Brief

Small business advocacy group joins National Voter Registration Day campaign

By: - September 21, 2022 6:15 am

Photo by Element5 Digital from Pexels

Among the collection of organizations and political figures highlighting National Voter Registration Day on Tuesday, members of a group representing small business owners added their voice to the campaign.

The message is nonpartisan, but also aimed at showing politicians the power that small business operators have, said Shawn Phetteplace, midwest manager for Main Street Alliance.

“One of the most trusted messengers among people in the community are small business owners,” Phetteplace said. “Customers who have a relationship with a business trust the business and get a lot of information through them.”

Main Street Alliance has about 600 members around Wisconsin, and participants in the campaign to promote voter registration and voting Tuesday come from across the state, he said. 

Odd Duck Instagram.
Odd Duck restaurant owner Melissa Buchholz posted a video Tuesday on Instagram, encouraging small business owners and their employees to register to vote. (Screenshot | Instagram)

The organization’s activists took the message to social media with campaigns on Twitter, Facebook and other panels. On Instagram, Melissa Buccholz, co-owner of the Milwaukee restaurant Odd Duck, posted a short, whimsical video talking up voter registration.

Buccholz’s video tells people about using myvote.wi.gov to register or to confirm their registration is up to date, and suggests small business owners encourage their employees to register as well. For employees who move around a lot, an updated pay stub with their current address can provide the necessary proof of residence, she notes.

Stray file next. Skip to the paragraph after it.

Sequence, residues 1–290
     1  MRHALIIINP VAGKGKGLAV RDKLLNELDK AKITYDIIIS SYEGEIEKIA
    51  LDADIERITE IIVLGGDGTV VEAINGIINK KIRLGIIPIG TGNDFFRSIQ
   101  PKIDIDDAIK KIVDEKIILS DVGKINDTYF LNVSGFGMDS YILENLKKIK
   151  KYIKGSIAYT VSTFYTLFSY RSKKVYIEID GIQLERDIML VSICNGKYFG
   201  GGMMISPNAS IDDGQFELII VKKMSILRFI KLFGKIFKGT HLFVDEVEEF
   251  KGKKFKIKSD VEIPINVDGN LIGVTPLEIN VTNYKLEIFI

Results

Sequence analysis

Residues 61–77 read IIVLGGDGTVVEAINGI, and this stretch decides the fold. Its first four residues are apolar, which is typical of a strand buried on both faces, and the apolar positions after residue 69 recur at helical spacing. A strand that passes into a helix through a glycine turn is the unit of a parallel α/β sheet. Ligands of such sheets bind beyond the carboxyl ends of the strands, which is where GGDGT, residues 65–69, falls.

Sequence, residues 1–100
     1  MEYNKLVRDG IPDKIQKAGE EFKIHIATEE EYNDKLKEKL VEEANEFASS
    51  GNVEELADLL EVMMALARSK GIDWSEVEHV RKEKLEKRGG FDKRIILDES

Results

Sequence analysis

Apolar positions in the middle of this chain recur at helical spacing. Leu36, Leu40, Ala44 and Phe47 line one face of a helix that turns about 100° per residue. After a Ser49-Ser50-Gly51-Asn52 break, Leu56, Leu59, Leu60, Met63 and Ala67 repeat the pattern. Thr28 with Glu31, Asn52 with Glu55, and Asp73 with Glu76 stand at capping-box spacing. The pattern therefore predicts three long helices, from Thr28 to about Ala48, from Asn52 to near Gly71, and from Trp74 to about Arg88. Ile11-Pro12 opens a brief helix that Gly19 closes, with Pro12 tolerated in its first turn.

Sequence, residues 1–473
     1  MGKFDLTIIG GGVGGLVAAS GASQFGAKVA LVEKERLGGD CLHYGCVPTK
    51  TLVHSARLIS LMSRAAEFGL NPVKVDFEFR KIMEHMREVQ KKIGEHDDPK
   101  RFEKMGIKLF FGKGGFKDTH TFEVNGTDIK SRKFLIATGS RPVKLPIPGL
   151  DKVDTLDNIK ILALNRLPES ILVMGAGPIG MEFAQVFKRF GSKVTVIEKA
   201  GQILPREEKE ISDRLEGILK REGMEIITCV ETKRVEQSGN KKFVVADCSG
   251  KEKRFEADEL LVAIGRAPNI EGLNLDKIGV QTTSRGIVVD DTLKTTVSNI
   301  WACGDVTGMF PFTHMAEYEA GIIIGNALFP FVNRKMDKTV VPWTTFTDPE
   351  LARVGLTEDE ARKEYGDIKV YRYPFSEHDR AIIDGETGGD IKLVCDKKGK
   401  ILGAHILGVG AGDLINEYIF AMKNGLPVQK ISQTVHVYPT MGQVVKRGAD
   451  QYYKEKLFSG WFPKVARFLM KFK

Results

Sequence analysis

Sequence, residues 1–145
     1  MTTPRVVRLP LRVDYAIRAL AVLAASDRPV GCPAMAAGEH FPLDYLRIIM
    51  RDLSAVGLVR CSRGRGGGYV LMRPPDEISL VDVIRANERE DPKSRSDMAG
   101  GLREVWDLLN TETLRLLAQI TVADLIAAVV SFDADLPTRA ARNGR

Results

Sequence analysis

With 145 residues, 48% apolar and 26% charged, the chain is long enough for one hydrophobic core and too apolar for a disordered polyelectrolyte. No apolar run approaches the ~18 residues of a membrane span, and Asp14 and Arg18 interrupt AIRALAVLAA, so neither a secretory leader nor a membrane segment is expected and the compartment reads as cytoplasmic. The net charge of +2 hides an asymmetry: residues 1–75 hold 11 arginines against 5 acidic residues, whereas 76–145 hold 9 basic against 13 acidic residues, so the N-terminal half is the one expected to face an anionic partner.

The registration drive itself isn’t about promoting candidates. “We want our members, whether Democratic, Republican or independent, to vote — it’s just an effort to increase voting overall,” said Phetteplace. 

But Main Street Alliance does have a policy perspective, which the organization makes clear. 

Phetteplace said that over the course of the COVID-19 pandemic, “it’s been a very challenging two and a half years” for small business owners. Main Street Alliance includes members who have long been politically engaged as well as others who “are getting politically engaged for the first time,” he added.

The organization advocates reducing corporate concentration of power, which it views as a detriment to small businesses’ growth and development. It calls for expanding capital access for small business owners; enacting measures to provide child care assistance, universal health care and paid family and medical leave; and a fairer tax structure “that ensures we have the revenue needed for robust public investments,” the organization’s voting tool kit states.

“Small business owners are not a monolith,” Phetteplace said. “There’s this idea that all small businesses care about is cutting taxes.”

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Erik Gunn
Erik Gunn

Deputy Editor Erik Gunn reports and writes on work and the economy, health policy and related subjects, for the Wisconsin Examiner. He spent 24 years as a freelance writer for Milwaukee Magazine, Isthmus, The Progressive, BNA Inc., and other publications, winning awards for investigative reporting, feature writing, beat coverage, business writing, and commentary. An East Coast native, he previously covered labor for The Milwaukee Journal after reporting for newspapers in upstate New York and northern Illinois. He's a graduate of Beloit College (English Comp.) and the Columbia School of Journalism. Off hours he is the Examiner's resident Springsteen and Jackson Browne fanboy and model railroad nerd.

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